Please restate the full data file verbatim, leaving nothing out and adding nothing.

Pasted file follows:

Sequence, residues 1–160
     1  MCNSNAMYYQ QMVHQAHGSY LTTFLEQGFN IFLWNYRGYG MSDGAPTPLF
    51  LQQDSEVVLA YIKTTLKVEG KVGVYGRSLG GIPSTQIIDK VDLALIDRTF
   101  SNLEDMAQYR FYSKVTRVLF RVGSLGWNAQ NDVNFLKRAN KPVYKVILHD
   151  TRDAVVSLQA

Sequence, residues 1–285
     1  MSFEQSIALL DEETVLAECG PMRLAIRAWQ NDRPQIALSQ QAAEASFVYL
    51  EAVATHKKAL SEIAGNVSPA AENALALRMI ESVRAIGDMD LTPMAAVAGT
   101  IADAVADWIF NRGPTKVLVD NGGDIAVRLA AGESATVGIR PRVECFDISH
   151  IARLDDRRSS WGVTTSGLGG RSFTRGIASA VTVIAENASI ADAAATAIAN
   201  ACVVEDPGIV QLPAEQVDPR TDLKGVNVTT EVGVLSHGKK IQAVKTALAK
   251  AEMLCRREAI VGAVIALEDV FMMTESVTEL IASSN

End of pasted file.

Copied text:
Sequence, residues 1–160
     1  MCNSNAMYYQ QMVHQAHGSY LTTFLEQGFN IFLWNYRGYG MSDGAPTPLF
    51  LQQDSEVVLA YIKTTLKVEG KVGVYGRSLG GIPSTQIIDK VDLALIDRTF
   101  SNLEDMAQYR FYSKVTRVLF RVGSLGWNAQ NDVNFLKRAN KPVYKVILHD
   151  TRDAVVSLQA

Sequence, residues 1–285
     1  MSFEQSIALL DEETVLAECG PMRLAIRAWQ NDRPQIALSQ QAAEASFVYL
    51  EAVATHKKAL SEIAGNVSPA AENALALRMI ESVRAIGDMD LTPMAAVAGT
   101  IADAVADWIF NRGPTKVLVD NGGDIAVRLA AGESATVGIR PRVECFDISH
   151  IARLDDRRSS WGVTTSGLGG RSFTRGIASA VTVIAENASI ADAAATAIAN
   201  ACVVEDPGIV QLPAEQVDPR TDLKGVNVTT EVGVLSHGKK IQAVKTALAK
   251  AEMLCRREAI VGAVIALEDV FMMTESVTEL IASSN